I went to South Africa in May 2013 and it is a rare day when I don’t think about it. More than anything else their wild life is on such a grand scale that it has left me completely smitten. Here are 10 reasons why a South Africa Wildlife Safari will spoil you for life!
The Guys with Outrageous Sense of Humor
10. The South African Sense of Humor: If your safari guides are anywhere near as cool as mine their sense of humor is going to blow you apart. They have a nonscientific explanation for every animal and behavior. According to them Kudus have white lines on their back because they sat on a freshly painted toilet seat! Initially I thought it was blasphemy but I started enjoying it once I was over the shock!
The Walk in the Bush
9. The Walk in the Bush: We did a 45 minute walk on foot in the South African bush. Most safaris would give you this option. This is the only time you will wish that you don’t spot anything big. This is the time to see the pug marks, the trees and other small things in nature.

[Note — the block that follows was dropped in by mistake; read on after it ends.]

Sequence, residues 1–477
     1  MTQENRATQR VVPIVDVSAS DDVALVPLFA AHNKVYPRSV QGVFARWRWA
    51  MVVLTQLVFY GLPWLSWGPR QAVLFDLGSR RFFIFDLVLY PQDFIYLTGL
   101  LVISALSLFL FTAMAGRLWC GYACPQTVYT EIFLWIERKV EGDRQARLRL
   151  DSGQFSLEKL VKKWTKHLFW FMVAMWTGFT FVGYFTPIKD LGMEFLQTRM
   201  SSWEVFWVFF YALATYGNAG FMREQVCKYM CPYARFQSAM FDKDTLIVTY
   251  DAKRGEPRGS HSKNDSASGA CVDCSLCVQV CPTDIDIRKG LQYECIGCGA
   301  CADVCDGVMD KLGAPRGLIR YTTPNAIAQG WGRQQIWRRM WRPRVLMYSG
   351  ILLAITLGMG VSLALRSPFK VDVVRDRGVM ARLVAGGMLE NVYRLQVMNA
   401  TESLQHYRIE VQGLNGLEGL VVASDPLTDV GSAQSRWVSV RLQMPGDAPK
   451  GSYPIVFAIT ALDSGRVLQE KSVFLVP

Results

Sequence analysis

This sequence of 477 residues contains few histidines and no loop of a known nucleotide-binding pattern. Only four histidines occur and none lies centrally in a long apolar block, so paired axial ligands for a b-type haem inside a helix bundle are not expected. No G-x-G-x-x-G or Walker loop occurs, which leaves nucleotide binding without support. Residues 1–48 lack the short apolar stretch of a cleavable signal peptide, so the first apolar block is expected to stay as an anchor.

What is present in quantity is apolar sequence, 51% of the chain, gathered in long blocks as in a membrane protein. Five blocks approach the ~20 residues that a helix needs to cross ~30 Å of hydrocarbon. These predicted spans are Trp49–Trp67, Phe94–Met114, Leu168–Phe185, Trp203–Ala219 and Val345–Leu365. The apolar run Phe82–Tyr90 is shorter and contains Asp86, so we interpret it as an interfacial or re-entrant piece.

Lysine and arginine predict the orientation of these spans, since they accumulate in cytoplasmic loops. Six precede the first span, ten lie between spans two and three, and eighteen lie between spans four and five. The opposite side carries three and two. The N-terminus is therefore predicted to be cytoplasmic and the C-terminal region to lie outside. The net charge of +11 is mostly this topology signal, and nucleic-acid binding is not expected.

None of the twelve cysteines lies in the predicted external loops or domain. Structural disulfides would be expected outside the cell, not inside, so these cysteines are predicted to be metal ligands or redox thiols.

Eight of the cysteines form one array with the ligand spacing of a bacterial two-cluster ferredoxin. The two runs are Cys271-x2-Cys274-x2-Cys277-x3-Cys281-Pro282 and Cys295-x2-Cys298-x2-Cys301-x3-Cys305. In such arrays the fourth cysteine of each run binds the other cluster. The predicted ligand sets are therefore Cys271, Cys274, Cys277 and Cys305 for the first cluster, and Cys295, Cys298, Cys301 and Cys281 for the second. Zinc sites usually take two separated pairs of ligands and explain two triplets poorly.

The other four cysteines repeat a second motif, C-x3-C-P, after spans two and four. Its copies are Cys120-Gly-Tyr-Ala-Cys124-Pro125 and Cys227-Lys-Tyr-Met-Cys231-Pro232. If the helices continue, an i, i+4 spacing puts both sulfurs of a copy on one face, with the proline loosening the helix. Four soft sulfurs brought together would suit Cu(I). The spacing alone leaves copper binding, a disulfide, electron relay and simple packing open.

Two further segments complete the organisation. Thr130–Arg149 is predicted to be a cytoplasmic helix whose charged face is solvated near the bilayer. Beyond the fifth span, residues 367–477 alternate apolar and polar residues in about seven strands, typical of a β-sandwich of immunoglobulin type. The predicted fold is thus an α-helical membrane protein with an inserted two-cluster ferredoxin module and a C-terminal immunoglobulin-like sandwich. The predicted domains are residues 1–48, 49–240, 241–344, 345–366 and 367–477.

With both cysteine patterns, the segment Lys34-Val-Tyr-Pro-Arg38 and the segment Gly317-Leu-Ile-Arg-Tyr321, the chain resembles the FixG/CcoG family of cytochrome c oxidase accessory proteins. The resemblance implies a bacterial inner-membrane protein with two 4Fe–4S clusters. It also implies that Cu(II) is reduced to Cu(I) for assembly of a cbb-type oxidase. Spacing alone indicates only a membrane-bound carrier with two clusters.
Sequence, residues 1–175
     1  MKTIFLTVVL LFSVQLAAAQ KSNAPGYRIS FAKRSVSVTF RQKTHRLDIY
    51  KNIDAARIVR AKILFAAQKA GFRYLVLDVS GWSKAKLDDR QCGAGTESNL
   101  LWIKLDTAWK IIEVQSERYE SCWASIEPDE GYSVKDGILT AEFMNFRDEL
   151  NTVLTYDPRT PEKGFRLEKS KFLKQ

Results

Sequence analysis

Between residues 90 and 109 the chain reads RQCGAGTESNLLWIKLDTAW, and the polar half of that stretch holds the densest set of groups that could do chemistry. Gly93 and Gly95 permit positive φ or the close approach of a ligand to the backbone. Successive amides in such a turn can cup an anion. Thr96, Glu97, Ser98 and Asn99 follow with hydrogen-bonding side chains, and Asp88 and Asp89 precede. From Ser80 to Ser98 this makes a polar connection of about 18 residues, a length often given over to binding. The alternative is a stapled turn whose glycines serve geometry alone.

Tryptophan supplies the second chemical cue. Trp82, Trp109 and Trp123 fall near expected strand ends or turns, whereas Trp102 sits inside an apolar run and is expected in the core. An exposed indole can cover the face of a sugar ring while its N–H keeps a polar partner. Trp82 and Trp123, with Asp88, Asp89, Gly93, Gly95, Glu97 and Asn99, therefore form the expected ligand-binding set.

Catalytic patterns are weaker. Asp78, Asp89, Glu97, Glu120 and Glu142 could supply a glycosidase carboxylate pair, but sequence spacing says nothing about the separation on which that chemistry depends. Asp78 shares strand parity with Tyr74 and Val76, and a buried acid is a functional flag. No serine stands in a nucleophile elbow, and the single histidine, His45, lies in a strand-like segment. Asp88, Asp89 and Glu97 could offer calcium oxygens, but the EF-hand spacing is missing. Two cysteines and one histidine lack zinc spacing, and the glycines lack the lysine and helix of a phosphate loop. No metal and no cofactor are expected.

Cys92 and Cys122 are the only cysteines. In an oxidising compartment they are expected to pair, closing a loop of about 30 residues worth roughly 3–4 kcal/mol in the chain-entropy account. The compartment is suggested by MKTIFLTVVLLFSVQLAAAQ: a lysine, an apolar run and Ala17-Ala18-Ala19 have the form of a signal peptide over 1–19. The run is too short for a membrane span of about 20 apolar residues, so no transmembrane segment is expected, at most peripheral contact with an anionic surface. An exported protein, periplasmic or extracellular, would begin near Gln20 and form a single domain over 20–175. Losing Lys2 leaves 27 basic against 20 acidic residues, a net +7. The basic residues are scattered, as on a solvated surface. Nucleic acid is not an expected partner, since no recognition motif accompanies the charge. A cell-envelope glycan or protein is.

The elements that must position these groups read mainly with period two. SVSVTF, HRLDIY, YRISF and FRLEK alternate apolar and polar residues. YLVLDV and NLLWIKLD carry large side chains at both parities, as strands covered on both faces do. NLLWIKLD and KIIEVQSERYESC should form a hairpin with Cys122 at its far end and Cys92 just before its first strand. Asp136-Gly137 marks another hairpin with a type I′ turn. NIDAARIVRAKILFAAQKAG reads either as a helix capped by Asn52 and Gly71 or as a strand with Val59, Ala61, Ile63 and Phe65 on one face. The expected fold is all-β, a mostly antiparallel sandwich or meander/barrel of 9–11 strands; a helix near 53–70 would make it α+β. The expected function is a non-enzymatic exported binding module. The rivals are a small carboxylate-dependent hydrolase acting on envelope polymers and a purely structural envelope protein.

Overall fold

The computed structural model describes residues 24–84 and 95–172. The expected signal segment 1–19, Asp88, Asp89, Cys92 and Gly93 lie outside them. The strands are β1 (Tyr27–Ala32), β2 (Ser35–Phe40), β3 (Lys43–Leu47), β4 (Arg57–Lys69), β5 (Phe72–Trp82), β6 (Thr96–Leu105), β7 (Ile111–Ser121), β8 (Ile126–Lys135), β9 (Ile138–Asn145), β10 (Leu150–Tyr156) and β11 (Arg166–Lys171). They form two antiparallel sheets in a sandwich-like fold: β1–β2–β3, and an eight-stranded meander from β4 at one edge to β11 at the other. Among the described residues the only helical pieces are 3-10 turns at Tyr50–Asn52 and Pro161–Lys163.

The Gorgeous Sunsets
8. The South African Sunsets and the Night Sky: As the South African bush is not as thick as Indian jungle, the sunset and the evening light seen to brighten up everything from end to end. One can see a sky full of stars only in a place away from the cities. I still remember the cold evening we spent looking for the Southern Cross and the Scorpion constellations. I wish I tried my hand at night photography then.
The Story Telling
7. The Story Telling: Our guides literally live in the bush. They had years of experience with the wildlife. If you ask them nicely they have stories to tell. Like the time when there were 8-10 lions right behind the lodge going for a Cape buffalo. Then the herd of the attacked buffalo appeared and a fight ensued. I have a queasy stomach and I don’t think I could stand the distress call of the attack but what an story it was. Another story was about the guests who wanted to enter the muddy region to get closer to the lion to get a better picture …
The Generous Hospitality